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no bearing upon our versification. It is an important aid to metrical perfection, and is sedulously cultivated by all our poets as an embellishment, though not as the foundation of rhythm. Verses in which the proportion of long syllables in the accented parts of the feet predominate, produce quite a different melody from others in which short syllables obtain. The following extracts from Milton's L'Allegro and Il Penseroso admirably illustrate this.
(i) Long quantity predominant—
Come, pensive Nun, devout and pure, Sober, steadfast, and demure ; All in a robe of darkest grain, Flowing with majestic train, And sable stole of Cyprus lawn Over thy decent shoulders drawn.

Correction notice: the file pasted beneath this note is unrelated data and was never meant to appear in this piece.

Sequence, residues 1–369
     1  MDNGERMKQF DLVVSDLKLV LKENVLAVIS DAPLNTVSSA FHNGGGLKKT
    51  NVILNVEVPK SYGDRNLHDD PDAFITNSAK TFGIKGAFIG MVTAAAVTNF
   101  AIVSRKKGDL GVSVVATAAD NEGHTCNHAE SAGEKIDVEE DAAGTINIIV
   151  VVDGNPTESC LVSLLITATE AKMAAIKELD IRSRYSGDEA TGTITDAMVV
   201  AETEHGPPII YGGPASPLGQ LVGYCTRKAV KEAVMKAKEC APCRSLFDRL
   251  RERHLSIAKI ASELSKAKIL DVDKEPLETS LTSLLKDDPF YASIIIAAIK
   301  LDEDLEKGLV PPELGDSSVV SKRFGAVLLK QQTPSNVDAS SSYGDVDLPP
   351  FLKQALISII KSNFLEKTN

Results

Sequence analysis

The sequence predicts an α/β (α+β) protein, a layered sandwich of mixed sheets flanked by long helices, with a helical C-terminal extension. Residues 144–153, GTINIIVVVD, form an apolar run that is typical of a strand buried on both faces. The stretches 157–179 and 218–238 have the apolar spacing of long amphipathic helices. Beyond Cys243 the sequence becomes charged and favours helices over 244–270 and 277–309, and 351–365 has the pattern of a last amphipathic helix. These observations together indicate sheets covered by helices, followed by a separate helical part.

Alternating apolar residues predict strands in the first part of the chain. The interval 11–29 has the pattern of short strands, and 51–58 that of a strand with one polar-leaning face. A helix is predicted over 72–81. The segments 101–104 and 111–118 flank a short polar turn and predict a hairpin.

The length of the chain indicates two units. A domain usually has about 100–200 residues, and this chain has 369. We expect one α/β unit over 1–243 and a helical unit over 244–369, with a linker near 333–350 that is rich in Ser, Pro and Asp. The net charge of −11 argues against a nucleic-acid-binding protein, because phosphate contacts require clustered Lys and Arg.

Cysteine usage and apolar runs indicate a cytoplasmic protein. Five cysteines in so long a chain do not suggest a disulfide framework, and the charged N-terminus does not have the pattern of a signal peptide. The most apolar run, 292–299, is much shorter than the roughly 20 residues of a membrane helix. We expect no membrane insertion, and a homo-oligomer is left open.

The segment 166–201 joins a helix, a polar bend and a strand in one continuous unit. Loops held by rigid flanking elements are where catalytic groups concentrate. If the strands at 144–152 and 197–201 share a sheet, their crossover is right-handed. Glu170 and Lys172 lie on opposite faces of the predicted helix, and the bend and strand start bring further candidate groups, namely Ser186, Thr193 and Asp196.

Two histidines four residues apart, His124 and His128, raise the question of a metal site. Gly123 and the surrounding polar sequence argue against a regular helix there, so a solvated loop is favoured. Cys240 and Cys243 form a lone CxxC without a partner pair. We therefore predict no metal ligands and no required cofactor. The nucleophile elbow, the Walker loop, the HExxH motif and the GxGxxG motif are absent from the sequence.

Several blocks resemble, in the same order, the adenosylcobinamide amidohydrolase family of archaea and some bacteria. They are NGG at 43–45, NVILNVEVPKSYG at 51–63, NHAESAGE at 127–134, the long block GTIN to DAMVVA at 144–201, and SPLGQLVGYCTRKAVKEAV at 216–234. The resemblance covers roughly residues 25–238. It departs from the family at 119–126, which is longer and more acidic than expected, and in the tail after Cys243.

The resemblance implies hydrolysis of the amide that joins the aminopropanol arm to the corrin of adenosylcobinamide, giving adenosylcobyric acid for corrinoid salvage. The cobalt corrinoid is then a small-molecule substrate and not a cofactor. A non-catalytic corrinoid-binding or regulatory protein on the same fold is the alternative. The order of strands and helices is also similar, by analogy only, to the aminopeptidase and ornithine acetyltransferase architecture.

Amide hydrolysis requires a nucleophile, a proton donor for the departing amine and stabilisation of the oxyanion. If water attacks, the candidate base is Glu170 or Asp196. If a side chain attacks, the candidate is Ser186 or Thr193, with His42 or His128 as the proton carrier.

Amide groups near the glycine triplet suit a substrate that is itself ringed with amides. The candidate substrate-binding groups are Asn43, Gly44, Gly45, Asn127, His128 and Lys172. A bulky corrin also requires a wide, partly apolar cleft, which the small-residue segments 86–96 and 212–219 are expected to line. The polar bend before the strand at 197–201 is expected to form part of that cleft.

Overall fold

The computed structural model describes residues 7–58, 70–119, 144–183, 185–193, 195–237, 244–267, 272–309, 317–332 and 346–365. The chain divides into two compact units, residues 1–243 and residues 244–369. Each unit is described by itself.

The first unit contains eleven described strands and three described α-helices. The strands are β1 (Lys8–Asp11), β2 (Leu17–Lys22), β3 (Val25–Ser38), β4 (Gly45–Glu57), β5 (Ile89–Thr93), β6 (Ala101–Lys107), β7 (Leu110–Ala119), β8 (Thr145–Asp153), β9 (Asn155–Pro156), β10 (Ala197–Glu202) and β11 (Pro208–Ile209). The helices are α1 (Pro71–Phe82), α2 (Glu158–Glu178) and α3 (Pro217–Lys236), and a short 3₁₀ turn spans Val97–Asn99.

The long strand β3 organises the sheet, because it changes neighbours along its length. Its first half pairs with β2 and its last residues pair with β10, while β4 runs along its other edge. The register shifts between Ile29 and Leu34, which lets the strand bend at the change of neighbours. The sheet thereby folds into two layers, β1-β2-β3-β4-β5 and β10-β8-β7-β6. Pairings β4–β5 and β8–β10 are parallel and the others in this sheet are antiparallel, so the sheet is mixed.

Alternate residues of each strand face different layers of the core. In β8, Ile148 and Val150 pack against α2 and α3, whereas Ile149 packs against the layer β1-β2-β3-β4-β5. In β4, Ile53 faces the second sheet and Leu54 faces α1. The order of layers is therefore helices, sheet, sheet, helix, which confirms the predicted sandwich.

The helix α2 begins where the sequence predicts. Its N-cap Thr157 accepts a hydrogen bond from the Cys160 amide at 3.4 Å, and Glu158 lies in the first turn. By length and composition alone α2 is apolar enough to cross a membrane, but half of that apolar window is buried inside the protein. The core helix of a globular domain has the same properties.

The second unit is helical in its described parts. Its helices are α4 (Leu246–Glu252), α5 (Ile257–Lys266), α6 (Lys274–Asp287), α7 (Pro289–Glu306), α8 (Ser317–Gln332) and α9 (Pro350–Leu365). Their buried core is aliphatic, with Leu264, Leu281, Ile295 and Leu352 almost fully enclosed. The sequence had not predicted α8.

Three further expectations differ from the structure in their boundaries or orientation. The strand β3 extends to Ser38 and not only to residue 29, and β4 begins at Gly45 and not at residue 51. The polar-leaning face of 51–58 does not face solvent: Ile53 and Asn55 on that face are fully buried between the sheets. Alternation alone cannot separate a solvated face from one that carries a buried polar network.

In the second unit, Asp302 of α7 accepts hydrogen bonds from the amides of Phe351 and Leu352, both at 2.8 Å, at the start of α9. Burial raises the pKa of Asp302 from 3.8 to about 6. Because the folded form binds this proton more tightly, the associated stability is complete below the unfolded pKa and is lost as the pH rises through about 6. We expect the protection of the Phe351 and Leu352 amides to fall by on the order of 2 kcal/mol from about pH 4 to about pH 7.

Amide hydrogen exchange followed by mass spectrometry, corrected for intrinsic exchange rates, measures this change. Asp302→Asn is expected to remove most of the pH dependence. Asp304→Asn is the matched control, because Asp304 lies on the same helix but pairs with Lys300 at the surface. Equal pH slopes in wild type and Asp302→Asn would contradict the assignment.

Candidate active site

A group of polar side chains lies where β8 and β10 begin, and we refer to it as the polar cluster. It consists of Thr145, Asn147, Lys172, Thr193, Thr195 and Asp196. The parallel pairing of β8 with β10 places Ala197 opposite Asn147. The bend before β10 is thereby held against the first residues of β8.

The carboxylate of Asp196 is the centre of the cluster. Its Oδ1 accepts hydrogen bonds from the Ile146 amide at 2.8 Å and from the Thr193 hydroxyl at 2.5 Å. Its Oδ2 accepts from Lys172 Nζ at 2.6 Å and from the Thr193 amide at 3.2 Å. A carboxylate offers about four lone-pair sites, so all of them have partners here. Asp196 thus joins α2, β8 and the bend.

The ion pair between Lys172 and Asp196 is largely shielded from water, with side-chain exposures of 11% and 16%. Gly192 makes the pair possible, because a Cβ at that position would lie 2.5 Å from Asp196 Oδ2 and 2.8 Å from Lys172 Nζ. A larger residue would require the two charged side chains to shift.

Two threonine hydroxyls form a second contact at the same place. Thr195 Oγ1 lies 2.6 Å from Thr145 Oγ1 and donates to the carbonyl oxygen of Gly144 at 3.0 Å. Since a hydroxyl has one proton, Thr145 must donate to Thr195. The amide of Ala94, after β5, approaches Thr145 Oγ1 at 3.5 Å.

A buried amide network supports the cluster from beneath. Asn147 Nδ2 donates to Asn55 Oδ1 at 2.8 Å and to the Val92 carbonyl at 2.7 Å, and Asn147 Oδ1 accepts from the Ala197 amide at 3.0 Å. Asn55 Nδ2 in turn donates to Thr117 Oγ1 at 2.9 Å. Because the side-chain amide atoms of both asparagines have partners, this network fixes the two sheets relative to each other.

(ii) Short quantity predominant—
Hast thee, nymph, and bring with thee
Jest and youthful jollity.
• • • • •
Sport that wrinkled Care derides,
And laughter, holding both his sides.
Come and trip it as you go
On the light fantastic toe.
And in thy right hand lead with thee
The mountain nymph, sweet Liberty.
We see then that syllables have a fourfold difference; some are long, either accented, as,